It's no wonder that the girl who should have been a boy, the Vietnamese woman who couldn't understand the Vietnamese people, the Buddhist who became the dogmatic Catholic, the very embodiment of the collision of East and West, would become such a polarizing and often confusing historical figure.

Demery embraces these contradictions and presents Madame Nhu as a flawed woman with extraordinary potential--a woman desperate to blaze her own trail, yet restricted by her time, her gender, and her own misconceptions about the world. Demery's portrait does not shy away from the vain, arrogant, and manipulative aspects of Madame Nhu's personality. Indeed, we see Madame Nhu baiting Demery with promises that she will release her memoirs to her, as well as controlling and dictating the terms of their relationship. Demery becomes exasperated with Madame Nhu's machinations, but holds out in the hope that their continued exchanges will reveal something genuine about the woman history has both fairly and unfairly maligned. And she succeeds in this. While Madame Nhu is never exonerated by Demery's story, Demery does succeed in creating some sympathy for a woman who, behind closed doors, was pained by the failure of her marriage, desperate for love and approval, and denied the ability to help her husband and her brother-in-law, President Diem, sidestep some of their more foolhardy missteps.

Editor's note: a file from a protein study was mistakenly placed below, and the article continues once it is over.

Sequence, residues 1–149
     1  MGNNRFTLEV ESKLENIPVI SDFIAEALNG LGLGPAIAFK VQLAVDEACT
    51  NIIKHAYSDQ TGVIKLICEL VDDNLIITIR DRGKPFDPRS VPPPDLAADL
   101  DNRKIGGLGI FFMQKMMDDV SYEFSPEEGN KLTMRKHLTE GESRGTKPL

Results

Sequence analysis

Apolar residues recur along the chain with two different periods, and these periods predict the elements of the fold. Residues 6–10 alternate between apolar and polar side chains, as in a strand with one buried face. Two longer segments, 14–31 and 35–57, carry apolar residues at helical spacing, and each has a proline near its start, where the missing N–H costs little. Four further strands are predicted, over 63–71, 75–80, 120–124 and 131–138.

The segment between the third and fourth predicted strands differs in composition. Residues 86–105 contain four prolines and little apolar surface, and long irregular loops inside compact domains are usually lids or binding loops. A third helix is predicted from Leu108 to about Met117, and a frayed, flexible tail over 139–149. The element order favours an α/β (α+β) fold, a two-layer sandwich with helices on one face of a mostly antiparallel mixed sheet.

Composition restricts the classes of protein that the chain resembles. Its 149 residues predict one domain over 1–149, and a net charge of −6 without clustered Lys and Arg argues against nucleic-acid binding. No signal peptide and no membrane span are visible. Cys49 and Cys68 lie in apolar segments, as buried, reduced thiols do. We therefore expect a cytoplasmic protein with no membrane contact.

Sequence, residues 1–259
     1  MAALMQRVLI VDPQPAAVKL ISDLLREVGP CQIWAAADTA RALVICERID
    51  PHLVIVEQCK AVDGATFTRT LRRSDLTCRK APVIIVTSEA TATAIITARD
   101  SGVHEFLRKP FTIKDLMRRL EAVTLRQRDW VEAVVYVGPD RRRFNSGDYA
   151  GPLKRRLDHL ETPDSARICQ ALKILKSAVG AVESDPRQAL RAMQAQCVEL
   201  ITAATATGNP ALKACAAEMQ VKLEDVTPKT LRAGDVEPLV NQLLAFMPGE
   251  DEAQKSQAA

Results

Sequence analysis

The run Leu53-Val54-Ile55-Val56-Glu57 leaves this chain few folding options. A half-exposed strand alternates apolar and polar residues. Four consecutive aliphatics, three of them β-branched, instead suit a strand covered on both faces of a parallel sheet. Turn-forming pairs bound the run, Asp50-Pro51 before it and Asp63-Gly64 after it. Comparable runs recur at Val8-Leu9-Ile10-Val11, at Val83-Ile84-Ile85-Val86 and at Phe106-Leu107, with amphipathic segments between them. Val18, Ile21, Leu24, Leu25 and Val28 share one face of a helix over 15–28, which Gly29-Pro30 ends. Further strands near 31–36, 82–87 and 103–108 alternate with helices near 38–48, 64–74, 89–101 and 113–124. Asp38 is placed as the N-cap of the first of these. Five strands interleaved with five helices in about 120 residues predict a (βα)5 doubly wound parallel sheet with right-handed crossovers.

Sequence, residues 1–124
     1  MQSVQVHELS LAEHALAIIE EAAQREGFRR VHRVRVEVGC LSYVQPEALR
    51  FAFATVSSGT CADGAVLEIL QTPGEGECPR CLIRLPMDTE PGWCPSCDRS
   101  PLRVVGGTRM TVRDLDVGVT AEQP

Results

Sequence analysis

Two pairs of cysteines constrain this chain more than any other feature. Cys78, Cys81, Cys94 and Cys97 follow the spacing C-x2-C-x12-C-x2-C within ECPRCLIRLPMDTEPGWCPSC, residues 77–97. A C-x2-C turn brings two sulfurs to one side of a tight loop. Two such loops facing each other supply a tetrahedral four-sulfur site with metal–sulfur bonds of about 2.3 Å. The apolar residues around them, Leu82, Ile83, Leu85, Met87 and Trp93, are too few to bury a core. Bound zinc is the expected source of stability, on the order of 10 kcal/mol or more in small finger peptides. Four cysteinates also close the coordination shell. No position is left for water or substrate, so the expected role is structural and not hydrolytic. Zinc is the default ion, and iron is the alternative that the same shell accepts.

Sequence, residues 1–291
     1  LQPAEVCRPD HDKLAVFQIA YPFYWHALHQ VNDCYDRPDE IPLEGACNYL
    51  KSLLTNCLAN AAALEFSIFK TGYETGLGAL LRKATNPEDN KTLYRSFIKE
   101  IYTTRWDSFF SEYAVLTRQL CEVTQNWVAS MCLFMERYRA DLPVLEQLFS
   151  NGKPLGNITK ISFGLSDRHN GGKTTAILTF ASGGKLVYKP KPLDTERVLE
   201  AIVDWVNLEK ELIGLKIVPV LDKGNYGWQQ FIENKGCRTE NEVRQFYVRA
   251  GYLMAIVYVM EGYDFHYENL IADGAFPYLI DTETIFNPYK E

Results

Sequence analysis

Compelling and readable, Finding the Dragon Lady does not attempt to put Madame Nhu on a pedestal, but rather to dust away some of the misconceptions that have settled over the years on the legacy of the dragon lady.

Monday, December 9, 2013

A Pyramid Built of Problems

The Age of Ra
by James Lovegrove